Academic journal article Journal of Buddhist Ethics

Can Buddhism Inform the Contemporary Western Liberal Debate on the Distribution of Wealth?

Academic journal article Journal of Buddhist Ethics

Can Buddhism Inform the Contemporary Western Liberal Debate on the Distribution of Wealth?

Article excerpt

The Western Debate Over the Distribution of Wealth

The main opponents in the contemporary Western debate over the distribution of wealth are the Liberal Egalitarians, who argue that inequalities should be rectified by the state, and Libertarians, who argue that the state should not interfere with individual property. Their debate turns on three central concepts: justice, equality, and liberty.


Oxford Professor in Political Theory David Miller defines justice as "the constant and perpetual will (of the state) to render to each citizen his due" (76). It is key to political philosophy because it is considered "central to the justification of political authority" (74). The debate over the distribution of wealth is concerned with justice within a political society and the relationship between the state and its citizens, which requires the equal distribution of some social benefit (87).

Liberal Egalitarians and Libertarians can agree on this concept but vary in their interpretations of "what is due to each citizen." What is due to a citizen, as Oxford political philosopher Adam Swift has argued, is directly linked to the concept of duty, meaning moral obligations towards between citizens to be realized through political and social institutions (11). The debate, therefore, focuses on the rights of citizens to be protected and implemented by the state, and at the same time on the duties of individuals towards each other.

Both Liberal Egalitarians and Libertarians consider a state "just" if it grants equal rights to individuals. John Rawls, a Liberal Egalitarian, outlines his first principle for just "social institutions" as: "Each person having an equal claim to a fully adequate scheme of equal basic rights and liberties" (Political 5). Robert Nozick, a Libertarian, claims that "individuals have rights ... which are so far reaching that they raise the question what the state may do" (ix). Swift adds that the central concern of the primacy of rights is "individualism" or "the wellbeing of the individual" (139-140).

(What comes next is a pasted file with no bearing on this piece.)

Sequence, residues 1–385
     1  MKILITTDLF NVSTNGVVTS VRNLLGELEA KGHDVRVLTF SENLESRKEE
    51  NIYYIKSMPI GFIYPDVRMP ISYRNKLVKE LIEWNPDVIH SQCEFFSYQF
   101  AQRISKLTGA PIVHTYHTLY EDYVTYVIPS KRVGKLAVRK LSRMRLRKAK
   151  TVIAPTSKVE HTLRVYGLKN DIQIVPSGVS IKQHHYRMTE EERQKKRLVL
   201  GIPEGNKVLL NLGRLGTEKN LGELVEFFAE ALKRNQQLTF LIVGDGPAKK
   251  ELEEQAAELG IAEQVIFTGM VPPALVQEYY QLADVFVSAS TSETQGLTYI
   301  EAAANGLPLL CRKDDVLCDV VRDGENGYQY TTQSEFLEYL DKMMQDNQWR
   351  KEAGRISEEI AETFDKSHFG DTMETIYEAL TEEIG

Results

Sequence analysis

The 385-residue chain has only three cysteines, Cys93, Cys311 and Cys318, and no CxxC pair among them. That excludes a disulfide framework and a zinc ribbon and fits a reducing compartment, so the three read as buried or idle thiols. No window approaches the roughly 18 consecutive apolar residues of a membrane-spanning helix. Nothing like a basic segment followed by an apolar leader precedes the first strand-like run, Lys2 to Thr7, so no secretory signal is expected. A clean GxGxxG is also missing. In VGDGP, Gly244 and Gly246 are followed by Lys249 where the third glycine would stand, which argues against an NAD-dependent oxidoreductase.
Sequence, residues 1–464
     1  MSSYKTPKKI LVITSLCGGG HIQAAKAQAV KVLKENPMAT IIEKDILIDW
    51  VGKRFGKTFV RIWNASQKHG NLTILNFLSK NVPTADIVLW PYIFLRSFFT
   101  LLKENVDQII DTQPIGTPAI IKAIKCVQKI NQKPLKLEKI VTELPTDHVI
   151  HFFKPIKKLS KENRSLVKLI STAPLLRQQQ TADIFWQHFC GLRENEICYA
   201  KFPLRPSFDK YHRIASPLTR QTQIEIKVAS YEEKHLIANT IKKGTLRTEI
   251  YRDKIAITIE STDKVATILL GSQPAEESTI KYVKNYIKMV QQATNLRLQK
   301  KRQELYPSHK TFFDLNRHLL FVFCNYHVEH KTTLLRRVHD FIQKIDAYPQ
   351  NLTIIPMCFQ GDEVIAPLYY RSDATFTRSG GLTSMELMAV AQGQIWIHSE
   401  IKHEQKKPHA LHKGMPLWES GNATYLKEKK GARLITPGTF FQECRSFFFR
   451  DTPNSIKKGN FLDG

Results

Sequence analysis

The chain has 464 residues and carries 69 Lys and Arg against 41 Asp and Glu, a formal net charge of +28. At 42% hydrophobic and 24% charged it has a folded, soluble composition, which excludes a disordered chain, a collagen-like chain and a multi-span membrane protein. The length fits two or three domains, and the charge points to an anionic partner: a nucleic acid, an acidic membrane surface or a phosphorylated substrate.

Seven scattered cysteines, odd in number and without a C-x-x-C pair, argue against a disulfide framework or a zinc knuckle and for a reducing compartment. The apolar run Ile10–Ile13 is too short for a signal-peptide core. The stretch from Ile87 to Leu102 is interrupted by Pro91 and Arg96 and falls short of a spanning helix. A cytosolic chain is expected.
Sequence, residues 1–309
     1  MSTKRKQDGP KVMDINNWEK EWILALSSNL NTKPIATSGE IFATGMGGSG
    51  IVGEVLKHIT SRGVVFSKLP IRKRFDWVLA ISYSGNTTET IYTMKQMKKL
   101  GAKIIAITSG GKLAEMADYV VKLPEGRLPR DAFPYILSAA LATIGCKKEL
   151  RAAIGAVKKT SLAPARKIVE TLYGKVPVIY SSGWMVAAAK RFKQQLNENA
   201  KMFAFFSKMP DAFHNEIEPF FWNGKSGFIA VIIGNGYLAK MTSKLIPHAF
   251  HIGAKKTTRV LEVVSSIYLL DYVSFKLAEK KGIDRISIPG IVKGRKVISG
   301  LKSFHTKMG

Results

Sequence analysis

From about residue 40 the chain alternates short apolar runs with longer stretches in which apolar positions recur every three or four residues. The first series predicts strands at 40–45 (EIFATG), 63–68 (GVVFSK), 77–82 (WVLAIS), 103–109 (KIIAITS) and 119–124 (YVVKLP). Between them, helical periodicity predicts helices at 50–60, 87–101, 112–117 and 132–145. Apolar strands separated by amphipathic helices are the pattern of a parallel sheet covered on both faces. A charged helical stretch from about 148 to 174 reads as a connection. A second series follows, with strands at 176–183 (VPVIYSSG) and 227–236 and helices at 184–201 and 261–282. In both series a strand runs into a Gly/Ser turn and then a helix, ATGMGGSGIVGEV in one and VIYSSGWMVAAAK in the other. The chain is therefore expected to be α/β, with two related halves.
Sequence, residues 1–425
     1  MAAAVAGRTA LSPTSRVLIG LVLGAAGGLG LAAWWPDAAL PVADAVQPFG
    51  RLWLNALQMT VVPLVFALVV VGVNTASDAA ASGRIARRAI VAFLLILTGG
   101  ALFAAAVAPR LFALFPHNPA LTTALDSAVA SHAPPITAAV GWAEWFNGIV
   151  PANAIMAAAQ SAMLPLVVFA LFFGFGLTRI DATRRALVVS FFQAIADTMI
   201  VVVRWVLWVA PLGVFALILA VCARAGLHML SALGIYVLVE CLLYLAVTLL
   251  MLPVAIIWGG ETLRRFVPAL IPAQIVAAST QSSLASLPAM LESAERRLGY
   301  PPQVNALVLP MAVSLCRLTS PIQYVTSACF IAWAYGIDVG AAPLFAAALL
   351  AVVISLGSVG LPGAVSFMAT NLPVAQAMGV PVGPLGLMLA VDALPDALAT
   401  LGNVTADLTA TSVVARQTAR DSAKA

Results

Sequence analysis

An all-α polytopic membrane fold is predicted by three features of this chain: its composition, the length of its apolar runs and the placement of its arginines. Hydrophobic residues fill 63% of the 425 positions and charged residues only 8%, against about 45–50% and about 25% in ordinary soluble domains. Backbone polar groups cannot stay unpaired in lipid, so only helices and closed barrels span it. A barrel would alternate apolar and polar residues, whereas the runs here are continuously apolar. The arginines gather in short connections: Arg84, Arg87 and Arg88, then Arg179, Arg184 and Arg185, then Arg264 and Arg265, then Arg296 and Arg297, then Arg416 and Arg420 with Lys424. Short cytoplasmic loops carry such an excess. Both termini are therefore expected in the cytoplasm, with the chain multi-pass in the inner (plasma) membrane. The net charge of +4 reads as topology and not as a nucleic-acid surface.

Both sides of the debate also largely agree on what rights citizens should have. Rawls, for example, embraces a basic set of rights and liberties such as the right to property, liberty of conscience and freedom of association, on the basis of the capacity to fulfill citizen's "highest-order interests." These interests are "to realize and to exercise ... (i) the capacity to honor fair terms of cooperation and (ii) the capacity to decide upon, revise, and rationally pursue a conception of the good" ("Papers" 365). On the right to property Rawls remarks, that every person has the right to exclusively hold property in order to assure a sufficient material basis important for self respect and a sense of independence ("Basic" 12). Nozick similarly embraces "rights of self-ownership," which include the right to property, life and liberty (ix). Although neither Rawls nor Nozick make explicit use of the word "human rights," their lists of rights imply civil-political human rights as all of the rights mentioned by them are to be found in the Universal Declaration of Human Rights (UDHR) or the International Covenant of Civil and Political Rights (ICCPR).

The disagreement between the two sides obviously revolves around the right to property and possible limitations to this right. It is noteworthy that this right is accorded a special place by the contributors in the debate. Wealth, as Swift says, is assumed necessary to achieve the liberal aim, namely that people be free to choose for themselves how to live their lives. (140).

Theorists on the Liberal Egalitarian side of the debate--Rawls, Dworkin or Phillippe Van Parijs, for example--argue that because of inequalities in talents or social and economic circumstances within society, it is necessary for the state to create policies such as taxation which may interfere with a right to property. It is the state's duty to ensure equal capability to enjoy and make use of rights. …

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